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A Population Analysis of Aortic Aneurysm Repair—Better Than Randomized Clinical Trials?

A Population Analysis of Aortic Aneurysm Repair—Better Than Randomized Clinical Trials? It is hard to beat randomized clinical trials (RCTs) when comparing 2 treatment options. But how do results from RCTs reflect practice in the community? In this issue of JAMA Surgery, Chang et al1 analyze morbidity and long-term mortality rates in all patients in California who underwent aortic aneurysm repair between 2001 and 2009. The study includes approximately 23 000 patients. The authors identified practice patterns and outcomes in the nonresearch setting, considering both community and teaching hospitals alike, and examined changes in outcomes over time. These are all obvious advantages of this population-based study. The authors found that postoperative rupture and reintervention rates were consistently higher in patients who underwent endovascular repair compared with open repair. Short-term 30-day mortality rates were similar to rates reported by RCTs. Longer-term mortality rates within the first 2 years were higher in patients with open surgery; mortality rates at 4 and 5 years were higher with endovascular repairs. These findings are consistent with the RCTs on open vs endovascular repairs and consistent with previously published registry-based studies that found no improvement in survival with endovascular repair.2,3 By examining longitudinal outcomes in a population (the most populous state, no less), the study by Chang et al1 serves as a good example of how to advance health services research, especially in surgery. The goal now is to do more. We are at the point where health services research can use information technology to confirm or challenge RCTs. Through the development of more sophisticated databases, ideally through electronic medical records that can support patient care while simultaneously aggregating and analyzing data, we can move beyond research focused on a snapshot of information to dynamic, real-time, population-based feedback. Integrated health information systems should be able to identify hot spots of poor surgical outcomes, such as through device failures, and provide an ongoing comparison of outcomes between treatment options. They could be used to examine resource allocation to improve efficiency of medical care. And they could allow for more immediate interventions. The study by Chang et al1 offers a glimpse into the future of population-based health services research methods. With the dawn of electronic medical records and big data, we should be able to develop surgical outcomes research that can compete with and complement the randomized trial. This study is a good start. Back to top Article Information Corresponding Author: James W. Holcroft, MD, Department of Surgery, University of California Davis Medical Center, 2221 Stockton Blvd, 2nd Floor, Sacramento, CA 95817 (jwholcroft@ucdavis.edu). Published Online: September 2, 2015. doi:10.1001/jamasurg.2015.2651. Conflict of Interest Disclosures: None reported. References 1. Chang DC, Parina RP, Wilson SE. Survival after endovascular vs open aortic aneurysm repairs [published online September 2, 2015]. JAMA Surg. doi:10.1001/jamasurg.2015.2644.Google Scholar 2. Jackson RS, Chang DC, Freischlag JA. Comparison of long-term survival after open vs endovascular repair of intact abdominal aortic aneurysm among Medicare beneficiaries. JAMA. 2012;307(15):1621-1628.PubMedGoogle ScholarCrossref 3. Lederle FA, Freischlag JA, Kyriakides TC, et al; OVER Veterans Affairs Cooperative Study Group. Long-term comparison of endovascular and open repair of abdominal aortic aneurysm. N Engl J Med. 2012;367(21):1988-1997.PubMedGoogle ScholarCrossref http://www.deepdyve.com/assets/images/DeepDyve-Logo-lg.png JAMA Surgery American Medical Association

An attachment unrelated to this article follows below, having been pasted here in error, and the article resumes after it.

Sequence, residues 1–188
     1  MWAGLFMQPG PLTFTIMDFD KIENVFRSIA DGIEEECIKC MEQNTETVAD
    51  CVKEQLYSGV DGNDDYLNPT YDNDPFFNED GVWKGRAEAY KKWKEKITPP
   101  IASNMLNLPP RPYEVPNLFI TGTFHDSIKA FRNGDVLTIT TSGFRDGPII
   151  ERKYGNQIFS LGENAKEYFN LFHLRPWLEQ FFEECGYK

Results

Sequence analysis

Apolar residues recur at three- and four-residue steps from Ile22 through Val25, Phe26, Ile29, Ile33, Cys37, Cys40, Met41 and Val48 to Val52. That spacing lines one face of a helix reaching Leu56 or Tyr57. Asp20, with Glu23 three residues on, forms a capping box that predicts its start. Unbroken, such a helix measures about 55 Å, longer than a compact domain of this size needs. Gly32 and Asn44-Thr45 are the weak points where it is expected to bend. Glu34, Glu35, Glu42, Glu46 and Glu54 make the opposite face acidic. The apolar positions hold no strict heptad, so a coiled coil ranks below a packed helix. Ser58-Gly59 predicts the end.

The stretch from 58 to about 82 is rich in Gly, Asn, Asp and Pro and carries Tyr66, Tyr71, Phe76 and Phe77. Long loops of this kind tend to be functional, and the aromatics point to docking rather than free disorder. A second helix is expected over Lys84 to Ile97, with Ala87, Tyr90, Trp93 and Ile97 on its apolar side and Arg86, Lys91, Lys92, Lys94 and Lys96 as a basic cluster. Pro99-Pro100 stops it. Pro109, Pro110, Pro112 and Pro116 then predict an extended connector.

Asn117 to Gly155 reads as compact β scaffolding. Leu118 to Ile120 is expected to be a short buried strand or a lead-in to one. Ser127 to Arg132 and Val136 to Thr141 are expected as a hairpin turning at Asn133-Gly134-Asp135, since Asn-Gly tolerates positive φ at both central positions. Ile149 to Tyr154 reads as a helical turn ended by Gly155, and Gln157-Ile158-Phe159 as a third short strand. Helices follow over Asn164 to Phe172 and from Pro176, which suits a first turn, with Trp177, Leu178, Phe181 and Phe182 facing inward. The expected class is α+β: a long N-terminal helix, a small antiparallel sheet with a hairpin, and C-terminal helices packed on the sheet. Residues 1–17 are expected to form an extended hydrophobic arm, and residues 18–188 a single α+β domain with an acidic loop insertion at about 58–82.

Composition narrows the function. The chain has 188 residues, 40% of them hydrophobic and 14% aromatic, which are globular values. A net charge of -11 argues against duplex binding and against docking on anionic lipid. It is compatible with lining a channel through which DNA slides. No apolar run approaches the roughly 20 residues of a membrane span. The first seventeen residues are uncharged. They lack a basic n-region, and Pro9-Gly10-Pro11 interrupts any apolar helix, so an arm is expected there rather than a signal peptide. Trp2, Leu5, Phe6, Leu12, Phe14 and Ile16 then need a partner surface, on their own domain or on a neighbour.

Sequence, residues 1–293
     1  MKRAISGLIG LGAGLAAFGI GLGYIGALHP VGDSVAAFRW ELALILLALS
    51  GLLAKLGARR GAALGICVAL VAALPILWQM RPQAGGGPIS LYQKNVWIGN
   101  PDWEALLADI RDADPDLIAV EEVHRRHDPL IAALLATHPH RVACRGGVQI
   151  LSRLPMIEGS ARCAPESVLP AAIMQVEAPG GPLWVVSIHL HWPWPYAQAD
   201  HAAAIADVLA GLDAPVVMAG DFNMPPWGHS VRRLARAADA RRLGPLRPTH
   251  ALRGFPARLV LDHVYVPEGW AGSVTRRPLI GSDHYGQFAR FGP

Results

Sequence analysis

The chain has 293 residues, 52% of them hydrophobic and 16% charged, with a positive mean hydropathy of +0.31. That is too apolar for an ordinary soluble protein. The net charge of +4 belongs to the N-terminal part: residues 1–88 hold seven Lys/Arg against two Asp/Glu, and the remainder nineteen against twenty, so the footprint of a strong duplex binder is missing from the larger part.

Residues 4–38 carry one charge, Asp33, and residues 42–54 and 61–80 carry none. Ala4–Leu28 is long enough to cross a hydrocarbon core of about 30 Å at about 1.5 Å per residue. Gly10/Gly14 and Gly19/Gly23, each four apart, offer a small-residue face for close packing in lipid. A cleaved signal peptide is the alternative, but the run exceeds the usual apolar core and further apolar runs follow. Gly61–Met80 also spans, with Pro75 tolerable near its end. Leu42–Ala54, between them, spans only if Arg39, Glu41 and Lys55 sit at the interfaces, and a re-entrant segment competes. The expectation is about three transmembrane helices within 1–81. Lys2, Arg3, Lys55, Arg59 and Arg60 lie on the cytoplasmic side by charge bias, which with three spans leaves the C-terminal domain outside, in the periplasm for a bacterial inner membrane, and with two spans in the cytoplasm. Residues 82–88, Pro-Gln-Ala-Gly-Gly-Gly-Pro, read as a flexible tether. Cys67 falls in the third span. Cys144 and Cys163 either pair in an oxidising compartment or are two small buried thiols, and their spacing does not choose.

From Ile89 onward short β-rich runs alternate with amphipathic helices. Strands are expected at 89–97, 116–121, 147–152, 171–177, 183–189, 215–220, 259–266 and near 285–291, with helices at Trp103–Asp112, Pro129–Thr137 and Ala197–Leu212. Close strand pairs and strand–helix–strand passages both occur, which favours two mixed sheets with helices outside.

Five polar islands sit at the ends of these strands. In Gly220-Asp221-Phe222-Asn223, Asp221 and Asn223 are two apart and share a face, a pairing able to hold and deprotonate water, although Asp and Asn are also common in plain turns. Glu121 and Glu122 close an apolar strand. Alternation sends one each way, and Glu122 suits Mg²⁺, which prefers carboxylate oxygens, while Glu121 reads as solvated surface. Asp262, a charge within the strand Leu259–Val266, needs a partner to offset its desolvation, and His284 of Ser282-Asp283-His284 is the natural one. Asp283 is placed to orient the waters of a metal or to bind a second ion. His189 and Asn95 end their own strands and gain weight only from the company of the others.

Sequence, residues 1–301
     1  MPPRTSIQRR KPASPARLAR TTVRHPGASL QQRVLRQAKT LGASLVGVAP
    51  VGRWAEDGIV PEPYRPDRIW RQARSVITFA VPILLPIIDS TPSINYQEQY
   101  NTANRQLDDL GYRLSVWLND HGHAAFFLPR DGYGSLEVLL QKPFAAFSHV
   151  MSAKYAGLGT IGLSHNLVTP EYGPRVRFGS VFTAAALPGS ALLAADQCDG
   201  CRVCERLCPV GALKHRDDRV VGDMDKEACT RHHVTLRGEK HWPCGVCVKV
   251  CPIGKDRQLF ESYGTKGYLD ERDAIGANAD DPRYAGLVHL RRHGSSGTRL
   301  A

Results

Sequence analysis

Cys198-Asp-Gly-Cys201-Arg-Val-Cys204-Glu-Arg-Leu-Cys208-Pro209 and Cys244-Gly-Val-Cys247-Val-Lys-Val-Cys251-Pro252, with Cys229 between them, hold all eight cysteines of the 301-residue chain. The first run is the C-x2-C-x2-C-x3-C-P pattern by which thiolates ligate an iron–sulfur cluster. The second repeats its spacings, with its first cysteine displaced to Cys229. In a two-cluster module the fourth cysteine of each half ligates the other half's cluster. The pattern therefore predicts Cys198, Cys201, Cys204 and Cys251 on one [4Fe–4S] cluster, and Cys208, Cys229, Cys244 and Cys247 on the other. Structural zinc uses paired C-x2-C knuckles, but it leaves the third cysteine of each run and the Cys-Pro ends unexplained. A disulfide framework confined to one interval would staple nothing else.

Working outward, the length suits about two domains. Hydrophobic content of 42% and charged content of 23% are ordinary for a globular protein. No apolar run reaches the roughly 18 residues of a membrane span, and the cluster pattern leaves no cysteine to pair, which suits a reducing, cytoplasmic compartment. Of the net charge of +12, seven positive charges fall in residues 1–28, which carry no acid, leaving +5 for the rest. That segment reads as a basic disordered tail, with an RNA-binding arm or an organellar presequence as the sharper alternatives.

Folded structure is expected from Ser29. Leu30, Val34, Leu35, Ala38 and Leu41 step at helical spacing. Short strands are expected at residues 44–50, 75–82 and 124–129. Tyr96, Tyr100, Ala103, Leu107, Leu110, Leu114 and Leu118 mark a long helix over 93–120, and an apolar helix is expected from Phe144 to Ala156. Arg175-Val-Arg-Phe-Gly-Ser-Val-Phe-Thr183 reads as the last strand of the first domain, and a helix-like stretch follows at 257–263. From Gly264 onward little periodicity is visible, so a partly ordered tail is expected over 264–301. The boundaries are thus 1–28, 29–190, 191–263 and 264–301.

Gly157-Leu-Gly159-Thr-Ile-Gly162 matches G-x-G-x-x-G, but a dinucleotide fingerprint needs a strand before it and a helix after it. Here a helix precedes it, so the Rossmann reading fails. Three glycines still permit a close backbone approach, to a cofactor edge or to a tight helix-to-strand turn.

A Population Analysis of Aortic Aneurysm Repair—Better Than Randomized Clinical Trials?

JAMA Surgery , Volume 150 (12) – Dec 1, 2015

A Population Analysis of Aortic Aneurysm Repair—Better Than Randomized Clinical Trials?

Abstract